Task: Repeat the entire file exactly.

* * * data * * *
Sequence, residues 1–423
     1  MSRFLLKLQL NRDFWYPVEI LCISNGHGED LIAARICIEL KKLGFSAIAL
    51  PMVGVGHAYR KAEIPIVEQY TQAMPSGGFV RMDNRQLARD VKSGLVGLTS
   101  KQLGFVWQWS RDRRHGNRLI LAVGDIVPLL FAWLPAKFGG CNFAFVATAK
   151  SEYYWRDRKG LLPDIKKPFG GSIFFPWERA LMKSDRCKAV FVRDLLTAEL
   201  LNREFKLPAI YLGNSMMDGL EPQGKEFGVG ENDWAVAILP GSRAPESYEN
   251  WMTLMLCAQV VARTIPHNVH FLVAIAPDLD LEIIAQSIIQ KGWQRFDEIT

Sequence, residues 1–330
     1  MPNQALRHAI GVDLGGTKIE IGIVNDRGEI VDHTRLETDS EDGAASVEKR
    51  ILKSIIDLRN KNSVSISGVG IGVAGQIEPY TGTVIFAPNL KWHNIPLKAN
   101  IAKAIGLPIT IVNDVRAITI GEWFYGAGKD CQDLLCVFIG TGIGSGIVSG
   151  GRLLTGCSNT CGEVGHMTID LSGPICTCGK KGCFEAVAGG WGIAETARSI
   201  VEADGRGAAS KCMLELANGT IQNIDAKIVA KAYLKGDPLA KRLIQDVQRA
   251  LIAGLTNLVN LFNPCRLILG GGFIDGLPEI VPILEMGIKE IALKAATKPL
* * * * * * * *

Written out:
Sequence, residues 1–423
     1  MSRFLLKLQL NRDFWYPVEI LCISNGHGED LIAARICIEL KKLGFSAIAL
    51  PMVGVGHAYR KAEIPIVEQY TQAMPSGGFV RMDNRQLARD VKSGLVGLTS
   101  KQLGFVWQWS RDRRHGNRLI LAVGDIVPLL FAWLPAKFGG CNFAFVATAK
   151  SEYYWRDRKG LLPDIKKPFG GSIFFPWERA LMKSDRCKAV FVRDLLTAEL
   201  LNREFKLPAI YLGNSMMDGL EPQGKEFGVG ENDWAVAILP GSRAPESYEN
   251  WMTLMLCAQV VARTIPHNVH FLVAIAPDLD LEIIAQSIIQ KGWQRFDEIT

Sequence, residues 1–330
     1  MPNQALRHAI GVDLGGTKIE IGIVNDRGEI VDHTRLETDS EDGAASVEKR
    51  ILKSIIDLRN KNSVSISGVG IGVAGQIEPY TGTVIFAPNL KWHNIPLKAN
   101  IAKAIGLPIT IVNDVRAITI GEWFYGAGKD CQDLLCVFIG TGIGSGIVSG
   151  GRLLTGCSNT CGEVGHMTID LSGPICTCGK KGCFEAVAGG WGIAETARSI
   201  VEADGRGAAS KCMLELANGT IQNIDAKIVA KAYLKGDPLA KRLIQDVQRA
   251  LIAGLTNLVN LFNPCRLILG GGFIDGLPEI VPILEMGIKE IALKAATKPL